Overload is considered a key principle of physical training, required for peak performance. However, over-training can result in compromised performance and profound fatigue. Despite the terms chronic fatigue and burn-out often being used to describe over-training, they are actually products of over-training itself, reflecting an overwhelming physiological and pyschological impact on the athlete.
When I swimming, at least from from perspective, rarely were the quantitive biologic and subjective indicators of mood and fatigue assessed in association with the degree of training, as a means to prevent over-training. Yet, we now know that quantitative assessment of the foregoing markers is critical.
Over-training syndrome is a complex combination of interacting physiological and psychological factors caused by excessive training. Current research suggests that despite recognisable clinical symptoms, no single factor or diagnostic tool exists to definitively establish a diagnosis. Nonetheless, a diagnosis can be made by excluding other factors that can degrade performance and mood. These factors include, anaemia, magnesium deficiency, viral infections (e.g. Epstein Barr), muscle damage (characterised by abnormal creatine kinase levels), Lyme disease, endocrinological disorders (e.g. diabetes, thyroid disorders and adrenal disorders), eating disorders, depression, allergies, cardiovascular disease and asthma. Moreover, biological markers indicative of inflammation, such as C-reactive protein, should be evaluated.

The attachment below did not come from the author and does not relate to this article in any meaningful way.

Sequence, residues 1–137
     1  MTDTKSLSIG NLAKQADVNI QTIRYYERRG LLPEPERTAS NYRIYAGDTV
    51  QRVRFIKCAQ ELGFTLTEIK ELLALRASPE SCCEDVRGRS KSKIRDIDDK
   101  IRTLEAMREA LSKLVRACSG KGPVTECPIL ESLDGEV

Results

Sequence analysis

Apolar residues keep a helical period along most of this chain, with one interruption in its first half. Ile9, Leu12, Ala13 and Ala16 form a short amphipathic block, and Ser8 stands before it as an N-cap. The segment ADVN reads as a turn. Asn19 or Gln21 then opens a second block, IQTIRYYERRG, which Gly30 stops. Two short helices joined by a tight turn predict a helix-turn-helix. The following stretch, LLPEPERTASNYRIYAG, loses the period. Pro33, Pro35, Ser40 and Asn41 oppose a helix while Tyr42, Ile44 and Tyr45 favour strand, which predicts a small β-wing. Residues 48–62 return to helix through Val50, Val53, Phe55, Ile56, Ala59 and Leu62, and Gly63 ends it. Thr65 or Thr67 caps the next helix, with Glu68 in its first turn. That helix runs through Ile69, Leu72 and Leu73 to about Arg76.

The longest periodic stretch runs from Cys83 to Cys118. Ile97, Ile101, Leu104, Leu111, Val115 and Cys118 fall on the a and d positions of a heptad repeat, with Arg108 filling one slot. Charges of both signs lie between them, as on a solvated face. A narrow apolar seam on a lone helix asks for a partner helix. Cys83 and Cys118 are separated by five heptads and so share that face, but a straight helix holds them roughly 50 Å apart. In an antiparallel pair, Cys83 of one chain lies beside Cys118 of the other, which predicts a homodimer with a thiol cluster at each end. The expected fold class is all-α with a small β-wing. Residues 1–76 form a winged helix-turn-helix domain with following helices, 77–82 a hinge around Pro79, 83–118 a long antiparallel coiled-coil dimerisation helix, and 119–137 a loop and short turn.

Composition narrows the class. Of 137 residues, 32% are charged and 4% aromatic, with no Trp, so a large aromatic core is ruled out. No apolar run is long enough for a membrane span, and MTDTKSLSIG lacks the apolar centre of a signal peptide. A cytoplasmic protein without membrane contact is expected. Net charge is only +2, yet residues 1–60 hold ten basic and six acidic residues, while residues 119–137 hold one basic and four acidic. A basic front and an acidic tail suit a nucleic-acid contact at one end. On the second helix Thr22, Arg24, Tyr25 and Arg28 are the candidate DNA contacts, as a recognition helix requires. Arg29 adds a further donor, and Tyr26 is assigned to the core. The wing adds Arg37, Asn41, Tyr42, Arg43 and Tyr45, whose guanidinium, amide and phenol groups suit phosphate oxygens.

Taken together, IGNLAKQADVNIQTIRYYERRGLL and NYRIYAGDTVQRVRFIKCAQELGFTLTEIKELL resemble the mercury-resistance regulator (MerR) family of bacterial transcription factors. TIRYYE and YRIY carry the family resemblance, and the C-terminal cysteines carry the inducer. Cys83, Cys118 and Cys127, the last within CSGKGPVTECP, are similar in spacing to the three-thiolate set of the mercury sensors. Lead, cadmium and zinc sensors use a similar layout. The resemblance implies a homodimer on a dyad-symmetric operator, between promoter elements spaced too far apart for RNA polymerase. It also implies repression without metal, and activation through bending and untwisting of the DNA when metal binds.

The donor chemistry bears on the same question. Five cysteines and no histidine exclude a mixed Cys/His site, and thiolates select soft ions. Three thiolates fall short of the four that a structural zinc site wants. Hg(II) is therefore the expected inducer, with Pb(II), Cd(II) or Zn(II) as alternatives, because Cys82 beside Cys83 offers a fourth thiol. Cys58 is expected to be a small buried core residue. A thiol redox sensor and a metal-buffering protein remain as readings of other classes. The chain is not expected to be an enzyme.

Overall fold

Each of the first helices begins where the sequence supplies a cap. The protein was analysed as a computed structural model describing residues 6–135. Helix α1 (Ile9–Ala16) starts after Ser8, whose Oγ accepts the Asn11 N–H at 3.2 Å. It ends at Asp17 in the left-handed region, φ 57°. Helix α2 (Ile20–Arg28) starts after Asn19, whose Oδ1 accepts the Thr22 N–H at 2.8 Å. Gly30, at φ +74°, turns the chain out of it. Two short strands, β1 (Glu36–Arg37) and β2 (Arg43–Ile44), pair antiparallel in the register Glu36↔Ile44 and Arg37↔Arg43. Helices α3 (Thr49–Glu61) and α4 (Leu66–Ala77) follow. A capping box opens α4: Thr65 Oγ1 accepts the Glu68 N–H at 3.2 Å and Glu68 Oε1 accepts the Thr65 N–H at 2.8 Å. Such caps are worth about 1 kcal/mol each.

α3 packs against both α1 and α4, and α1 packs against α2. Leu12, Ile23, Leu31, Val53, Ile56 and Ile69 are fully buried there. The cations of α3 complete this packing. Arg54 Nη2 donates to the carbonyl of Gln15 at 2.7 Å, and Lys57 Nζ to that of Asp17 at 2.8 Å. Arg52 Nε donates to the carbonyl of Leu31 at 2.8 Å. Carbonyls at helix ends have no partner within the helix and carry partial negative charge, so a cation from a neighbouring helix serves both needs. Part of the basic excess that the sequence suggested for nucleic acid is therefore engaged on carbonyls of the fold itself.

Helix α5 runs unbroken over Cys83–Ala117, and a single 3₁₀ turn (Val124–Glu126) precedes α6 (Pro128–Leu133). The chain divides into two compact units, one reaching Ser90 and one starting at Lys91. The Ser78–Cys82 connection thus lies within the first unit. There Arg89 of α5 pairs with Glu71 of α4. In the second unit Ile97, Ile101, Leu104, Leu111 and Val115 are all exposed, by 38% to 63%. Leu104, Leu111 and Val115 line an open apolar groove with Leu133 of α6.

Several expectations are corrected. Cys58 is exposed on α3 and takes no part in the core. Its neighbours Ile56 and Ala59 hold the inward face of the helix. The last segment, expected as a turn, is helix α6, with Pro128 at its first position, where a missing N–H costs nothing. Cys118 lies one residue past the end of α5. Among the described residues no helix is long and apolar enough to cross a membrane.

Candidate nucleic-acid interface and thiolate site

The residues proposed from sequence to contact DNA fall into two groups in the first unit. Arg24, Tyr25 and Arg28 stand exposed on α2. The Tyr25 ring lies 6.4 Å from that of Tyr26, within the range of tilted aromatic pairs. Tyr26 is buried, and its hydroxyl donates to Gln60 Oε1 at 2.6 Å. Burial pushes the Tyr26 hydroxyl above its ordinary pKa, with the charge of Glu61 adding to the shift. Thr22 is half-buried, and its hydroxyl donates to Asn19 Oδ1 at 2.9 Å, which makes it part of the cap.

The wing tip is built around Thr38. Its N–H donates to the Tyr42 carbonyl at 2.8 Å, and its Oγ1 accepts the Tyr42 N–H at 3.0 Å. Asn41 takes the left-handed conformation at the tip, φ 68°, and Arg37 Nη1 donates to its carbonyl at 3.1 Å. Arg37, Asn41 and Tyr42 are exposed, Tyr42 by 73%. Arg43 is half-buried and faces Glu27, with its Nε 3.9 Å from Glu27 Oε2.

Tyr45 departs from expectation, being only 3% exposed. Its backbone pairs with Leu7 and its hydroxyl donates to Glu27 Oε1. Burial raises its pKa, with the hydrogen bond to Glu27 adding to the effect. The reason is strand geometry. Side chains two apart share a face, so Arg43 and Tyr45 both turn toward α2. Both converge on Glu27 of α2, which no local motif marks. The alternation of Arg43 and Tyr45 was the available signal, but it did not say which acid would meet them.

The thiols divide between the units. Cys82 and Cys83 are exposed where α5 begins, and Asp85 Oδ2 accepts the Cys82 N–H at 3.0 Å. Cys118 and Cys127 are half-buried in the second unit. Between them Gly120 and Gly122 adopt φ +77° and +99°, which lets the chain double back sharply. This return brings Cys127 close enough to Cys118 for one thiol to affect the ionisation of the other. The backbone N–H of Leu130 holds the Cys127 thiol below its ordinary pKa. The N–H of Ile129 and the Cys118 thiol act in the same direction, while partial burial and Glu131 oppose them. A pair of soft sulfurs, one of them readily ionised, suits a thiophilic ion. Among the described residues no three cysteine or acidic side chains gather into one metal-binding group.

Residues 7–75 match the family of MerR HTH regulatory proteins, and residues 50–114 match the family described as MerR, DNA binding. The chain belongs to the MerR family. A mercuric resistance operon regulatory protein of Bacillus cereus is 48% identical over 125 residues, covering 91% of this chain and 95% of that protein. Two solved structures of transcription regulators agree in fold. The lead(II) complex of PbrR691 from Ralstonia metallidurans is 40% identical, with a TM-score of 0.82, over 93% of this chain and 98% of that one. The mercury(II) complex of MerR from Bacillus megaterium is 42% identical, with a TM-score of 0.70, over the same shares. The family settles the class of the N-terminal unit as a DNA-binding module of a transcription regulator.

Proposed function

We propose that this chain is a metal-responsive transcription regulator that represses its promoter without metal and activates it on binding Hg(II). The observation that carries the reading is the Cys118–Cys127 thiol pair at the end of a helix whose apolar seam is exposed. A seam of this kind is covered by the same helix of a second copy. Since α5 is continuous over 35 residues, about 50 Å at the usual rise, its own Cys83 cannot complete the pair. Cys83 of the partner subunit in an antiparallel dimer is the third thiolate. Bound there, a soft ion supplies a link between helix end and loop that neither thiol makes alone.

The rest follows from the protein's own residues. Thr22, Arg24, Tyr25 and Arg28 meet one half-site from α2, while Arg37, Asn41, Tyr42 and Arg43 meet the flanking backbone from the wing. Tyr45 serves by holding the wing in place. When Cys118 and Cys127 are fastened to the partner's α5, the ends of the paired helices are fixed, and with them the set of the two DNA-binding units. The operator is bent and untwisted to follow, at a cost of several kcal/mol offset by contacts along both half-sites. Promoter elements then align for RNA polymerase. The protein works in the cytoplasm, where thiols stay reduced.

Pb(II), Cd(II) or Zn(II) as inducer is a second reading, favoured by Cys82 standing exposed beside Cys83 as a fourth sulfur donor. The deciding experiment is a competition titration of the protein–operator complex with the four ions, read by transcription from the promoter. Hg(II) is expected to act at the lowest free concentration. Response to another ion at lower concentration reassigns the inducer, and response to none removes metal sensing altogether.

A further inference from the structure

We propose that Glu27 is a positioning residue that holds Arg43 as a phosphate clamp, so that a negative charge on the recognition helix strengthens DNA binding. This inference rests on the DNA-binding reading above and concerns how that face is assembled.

Fatigue is a key feature of over-training syndrome, with the capacity for subjective and objective assessment. The subjective state is characterised by both an acute or chronic pattern of tiredness, lethargy, physical and mental weariness and poor concentration. Whereas, objective measures pertain to functional pathology markers including, adrenal hormone profile. It is suggested that such a state of fatigue is responsible for tissue injury, excessive cytokine release and/or oxidative stress. Of particular note is the fact that the fatigue associated with over-training syndrome differs from the fatigue of chronic fatigue syndrome and Epstein Barr Virus given that the athlete continues to train, despite impaired performance. Moreover, after periods of rest, the fatigue resolves.
Despite the underlying causes of over-training syndrome remaining unknown (except for the over-training :)), potential mechanisms for over-training syndrome include oxidative stress, performance induced elevations in serotonin, inadequate carbohydrate or energy intake, and alterations to the parasympathetic and sympathetic nervous system (e.g. catecholamine sensitivity).
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